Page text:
Tag Archives: Music

Singing with the King (81) – Missed the Point

He will not let you stumble; the one who watches over you will not slumber. Indeed, he who watches over Israel never slumbers or sleeps. (Psalm 121:3-4)

Sit Alone2I picked this passage because it kind of deals with the song, and that’s what I want to talk about. Music is powerful, and it is a gift from God. But like all gifts, we have the ability to twist, contort, and misuse. Now I’m not talking about rappers or shock rock, or worse. I’m talking about bands that play in Sunday morning in Church.

I was at a conference a couple years back, and the “praise” band was singing Everlasting God. You know it. The opening of the song goes like this:

Strength will arise as we wait upon the Lord, wait upon the Lord, we will wait upon the Lord.

 I need go no farther. Unless you are deaf and blind, you can see (and hear) the song focuses on us WAITING ON THE LORD. But what did this so-called praise band do? The sang Strength will arise… Strength will arise… Strength will arise… Strength will arise, over and over and over, and over and… well, you get the idea.

 They missed the entire POINT of the whole first verse. It’s NOT about strength, it’s about waiting. And that’s painfully obvious. But their performance was not about worship—or Biblical and lyrical faithfulness. No, they were whipping the congregation up into a frenzy.

 The song is based upon Isaiah 40:29-31 – He gives strength to the weary, and to him who lacks might He increases power. Though youths grow weary and tired, and vigorous young men stumble badly, yet those who wait for the Lord will gain new strength; they will mount up with wings like eagles, they will run and not get tired, they will walk and not become weary. Even here you can see it’s not about the strength, it’s about the waiting.

 Of course when you wait, you could very well end up with a whole lot more than strength. You could be overwhelmed by His Presence, by His mercy, by His grace, by His holiness, and by His love—to name a few.

The band, the congregation, they missed the point. And that’s a tragedy. Music is a gift. It is something to be cherished.  Leave the frenzy for the conventions.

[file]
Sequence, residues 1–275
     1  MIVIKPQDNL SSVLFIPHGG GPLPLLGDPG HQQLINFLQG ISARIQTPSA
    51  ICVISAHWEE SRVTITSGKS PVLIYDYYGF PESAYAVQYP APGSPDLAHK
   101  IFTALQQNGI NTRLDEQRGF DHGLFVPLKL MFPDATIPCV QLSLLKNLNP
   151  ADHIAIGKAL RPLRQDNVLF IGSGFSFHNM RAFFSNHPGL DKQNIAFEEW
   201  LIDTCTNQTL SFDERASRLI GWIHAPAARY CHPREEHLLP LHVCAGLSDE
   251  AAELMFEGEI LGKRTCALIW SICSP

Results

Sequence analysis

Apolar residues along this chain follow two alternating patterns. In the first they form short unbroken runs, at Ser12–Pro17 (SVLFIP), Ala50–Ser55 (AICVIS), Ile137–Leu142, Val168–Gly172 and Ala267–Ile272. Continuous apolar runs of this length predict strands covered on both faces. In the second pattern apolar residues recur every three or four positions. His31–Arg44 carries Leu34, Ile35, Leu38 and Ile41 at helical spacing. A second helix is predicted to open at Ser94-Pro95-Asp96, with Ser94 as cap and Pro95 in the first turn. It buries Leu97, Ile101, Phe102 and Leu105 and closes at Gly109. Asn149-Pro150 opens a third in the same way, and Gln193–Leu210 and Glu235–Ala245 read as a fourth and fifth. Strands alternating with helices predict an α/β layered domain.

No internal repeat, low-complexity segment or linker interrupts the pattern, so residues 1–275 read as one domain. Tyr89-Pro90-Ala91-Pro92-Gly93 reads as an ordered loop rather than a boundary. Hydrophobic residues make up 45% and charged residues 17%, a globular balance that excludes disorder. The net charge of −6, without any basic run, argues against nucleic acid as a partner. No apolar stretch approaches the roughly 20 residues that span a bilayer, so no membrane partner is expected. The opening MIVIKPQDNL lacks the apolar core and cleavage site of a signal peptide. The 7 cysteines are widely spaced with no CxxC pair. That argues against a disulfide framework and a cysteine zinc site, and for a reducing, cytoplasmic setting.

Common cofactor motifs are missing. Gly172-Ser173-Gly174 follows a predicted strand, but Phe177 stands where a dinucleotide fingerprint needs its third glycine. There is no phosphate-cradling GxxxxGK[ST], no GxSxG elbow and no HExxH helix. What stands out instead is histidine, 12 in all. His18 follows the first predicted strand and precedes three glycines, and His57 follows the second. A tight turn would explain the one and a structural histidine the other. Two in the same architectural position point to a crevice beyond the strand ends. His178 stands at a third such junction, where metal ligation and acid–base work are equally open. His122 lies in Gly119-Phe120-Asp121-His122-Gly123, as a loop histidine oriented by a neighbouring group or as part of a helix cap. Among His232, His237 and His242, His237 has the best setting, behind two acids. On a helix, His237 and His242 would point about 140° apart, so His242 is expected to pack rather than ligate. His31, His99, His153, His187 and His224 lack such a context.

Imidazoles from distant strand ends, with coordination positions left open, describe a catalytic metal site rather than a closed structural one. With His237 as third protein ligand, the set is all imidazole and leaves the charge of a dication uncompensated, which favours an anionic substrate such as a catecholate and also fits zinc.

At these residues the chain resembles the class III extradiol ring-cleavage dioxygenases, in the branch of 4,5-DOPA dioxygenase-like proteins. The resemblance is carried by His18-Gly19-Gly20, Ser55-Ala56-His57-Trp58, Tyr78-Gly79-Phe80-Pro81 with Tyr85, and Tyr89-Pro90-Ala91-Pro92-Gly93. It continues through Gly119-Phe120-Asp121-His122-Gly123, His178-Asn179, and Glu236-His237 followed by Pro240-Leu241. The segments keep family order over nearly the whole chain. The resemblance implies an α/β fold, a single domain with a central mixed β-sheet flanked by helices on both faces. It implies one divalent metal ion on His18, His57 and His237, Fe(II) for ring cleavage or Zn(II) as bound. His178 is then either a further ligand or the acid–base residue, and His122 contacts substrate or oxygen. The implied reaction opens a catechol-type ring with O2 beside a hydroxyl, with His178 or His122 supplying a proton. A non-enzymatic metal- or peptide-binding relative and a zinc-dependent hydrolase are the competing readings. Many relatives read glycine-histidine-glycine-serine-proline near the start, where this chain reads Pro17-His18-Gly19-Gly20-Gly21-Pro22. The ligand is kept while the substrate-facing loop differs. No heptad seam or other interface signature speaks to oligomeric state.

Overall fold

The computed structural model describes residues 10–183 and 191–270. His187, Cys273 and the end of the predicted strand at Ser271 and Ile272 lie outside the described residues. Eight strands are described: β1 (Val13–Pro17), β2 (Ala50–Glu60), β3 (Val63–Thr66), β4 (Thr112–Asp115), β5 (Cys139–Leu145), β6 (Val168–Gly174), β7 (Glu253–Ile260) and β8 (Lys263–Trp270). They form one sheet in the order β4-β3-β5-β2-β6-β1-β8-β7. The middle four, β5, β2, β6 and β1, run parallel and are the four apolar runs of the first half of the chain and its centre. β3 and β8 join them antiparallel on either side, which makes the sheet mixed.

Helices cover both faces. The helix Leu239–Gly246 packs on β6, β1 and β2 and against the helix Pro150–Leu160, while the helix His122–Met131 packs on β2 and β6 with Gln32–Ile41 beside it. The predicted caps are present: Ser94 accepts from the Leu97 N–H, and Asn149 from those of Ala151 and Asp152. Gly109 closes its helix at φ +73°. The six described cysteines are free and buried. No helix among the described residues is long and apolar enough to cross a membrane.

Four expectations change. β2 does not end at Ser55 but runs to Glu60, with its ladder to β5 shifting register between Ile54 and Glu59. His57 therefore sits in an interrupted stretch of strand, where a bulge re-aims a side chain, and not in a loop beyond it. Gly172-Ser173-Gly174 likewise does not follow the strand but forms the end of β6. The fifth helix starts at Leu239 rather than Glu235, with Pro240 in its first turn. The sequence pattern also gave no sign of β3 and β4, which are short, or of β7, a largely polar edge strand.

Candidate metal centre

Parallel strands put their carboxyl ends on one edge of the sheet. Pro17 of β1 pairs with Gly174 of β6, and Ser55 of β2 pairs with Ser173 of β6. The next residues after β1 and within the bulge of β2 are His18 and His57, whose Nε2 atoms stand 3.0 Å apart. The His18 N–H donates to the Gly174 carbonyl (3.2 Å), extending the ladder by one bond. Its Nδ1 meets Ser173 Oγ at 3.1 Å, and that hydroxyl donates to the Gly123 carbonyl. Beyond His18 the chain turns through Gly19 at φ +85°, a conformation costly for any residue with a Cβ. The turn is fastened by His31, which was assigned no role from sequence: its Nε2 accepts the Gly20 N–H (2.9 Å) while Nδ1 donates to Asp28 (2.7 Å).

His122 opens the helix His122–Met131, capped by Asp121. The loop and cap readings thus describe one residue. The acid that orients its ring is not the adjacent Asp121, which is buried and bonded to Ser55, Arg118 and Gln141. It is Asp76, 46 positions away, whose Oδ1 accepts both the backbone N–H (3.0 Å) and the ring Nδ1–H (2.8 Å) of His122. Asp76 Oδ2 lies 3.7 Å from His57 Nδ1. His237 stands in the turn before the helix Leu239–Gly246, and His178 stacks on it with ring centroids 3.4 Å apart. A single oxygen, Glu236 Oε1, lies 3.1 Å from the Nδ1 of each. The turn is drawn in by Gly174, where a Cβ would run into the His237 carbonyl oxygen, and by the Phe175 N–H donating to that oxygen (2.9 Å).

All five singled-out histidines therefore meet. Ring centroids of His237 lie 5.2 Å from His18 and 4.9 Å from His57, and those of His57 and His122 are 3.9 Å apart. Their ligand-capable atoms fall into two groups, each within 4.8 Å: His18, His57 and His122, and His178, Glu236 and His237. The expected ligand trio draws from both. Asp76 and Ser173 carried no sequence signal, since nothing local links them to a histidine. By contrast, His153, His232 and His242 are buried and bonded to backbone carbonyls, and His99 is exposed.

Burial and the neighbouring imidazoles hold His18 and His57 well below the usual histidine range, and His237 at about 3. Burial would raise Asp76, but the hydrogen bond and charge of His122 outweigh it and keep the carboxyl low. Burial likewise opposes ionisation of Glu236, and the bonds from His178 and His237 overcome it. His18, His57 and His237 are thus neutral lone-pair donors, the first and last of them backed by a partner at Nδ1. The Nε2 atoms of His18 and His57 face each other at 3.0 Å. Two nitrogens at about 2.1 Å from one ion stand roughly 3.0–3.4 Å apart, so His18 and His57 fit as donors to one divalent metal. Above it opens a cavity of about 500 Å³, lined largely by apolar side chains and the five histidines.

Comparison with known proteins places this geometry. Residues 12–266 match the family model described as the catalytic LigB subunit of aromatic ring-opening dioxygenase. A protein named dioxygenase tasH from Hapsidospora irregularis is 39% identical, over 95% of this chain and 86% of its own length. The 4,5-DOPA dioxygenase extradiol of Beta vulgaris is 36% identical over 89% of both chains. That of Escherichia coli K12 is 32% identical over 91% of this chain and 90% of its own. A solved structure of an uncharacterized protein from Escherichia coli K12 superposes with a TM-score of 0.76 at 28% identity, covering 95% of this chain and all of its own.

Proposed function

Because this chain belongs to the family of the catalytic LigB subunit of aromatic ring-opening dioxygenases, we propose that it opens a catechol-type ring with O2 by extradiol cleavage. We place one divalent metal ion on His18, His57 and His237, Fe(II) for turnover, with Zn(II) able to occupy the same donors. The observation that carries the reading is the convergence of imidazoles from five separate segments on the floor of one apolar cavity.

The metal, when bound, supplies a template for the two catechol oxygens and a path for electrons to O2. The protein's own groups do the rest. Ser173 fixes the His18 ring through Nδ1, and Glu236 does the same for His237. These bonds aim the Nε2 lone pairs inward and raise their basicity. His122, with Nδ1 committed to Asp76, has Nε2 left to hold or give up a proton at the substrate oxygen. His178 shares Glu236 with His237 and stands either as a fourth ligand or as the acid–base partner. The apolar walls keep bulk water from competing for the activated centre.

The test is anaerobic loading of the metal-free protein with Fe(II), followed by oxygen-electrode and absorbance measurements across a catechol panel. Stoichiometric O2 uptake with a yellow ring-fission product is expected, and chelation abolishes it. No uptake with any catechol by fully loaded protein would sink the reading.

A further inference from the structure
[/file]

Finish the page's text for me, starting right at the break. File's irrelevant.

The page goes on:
When you see your song leader/worship pastor this weekend, thank him or her. And the singers and the band. And thank the song writer if you have one in your midst.

May they remain faithful to the Message, and may they focus on Him. Allow the LORD to approach you and anoint you as He chooses. You may discover that He’s always watching over you, that He never slumbers nor sleeps. And you may experience something unexpected and utterly wondrous.

Singing with the King (5) – Songs of Deliverence

You are my hiding place; You preserve me from trouble; You surround me with songs of deliverance. Selah. (Psalm 32:7)


In this Psalm, it is not God specifically who surrounds us—rather we are surrounded by His songs of deliverance. Now I suppose one could make the case that these songs are a result of the deliverance, but that seems to be a disservice to the songs of the Lord. There seems to be something more tangible and protective to these songs than just a post-deliverance celebration.

And why do I say that we do the Lord a disservice? What a marvelous and wondrous thing to have the Lord of Hosts sing to you! It brings to mind that passage from Psalm 46:10—Cease striving and know that I am God. Could it be that if we were quiet, we might hear the Lord singing to us? If the Lord created music, why wouldn’t He sing to us?

One thing about the Lord singing songs of deliverance; I believe we might consider them like we do prophecy. If the Lord has said it will come to pass, then it will happen. And if the LORD sings songs of deliverance to us, then we are delivered.

It should be noted that this is the only appearance of this particular Hebrew word for songs in the OT. So if creation was an unique event, what about your deliverance?

Now you may be saying that being surrounded by songs of deliverance is a rather flimsy shield, and songs are not much of a means of deliverance. But consider: if He Who created all things with just a few words, how much more could He accomplish with a song!

We end with a pause—Selah—perhaps you might hear Him sing.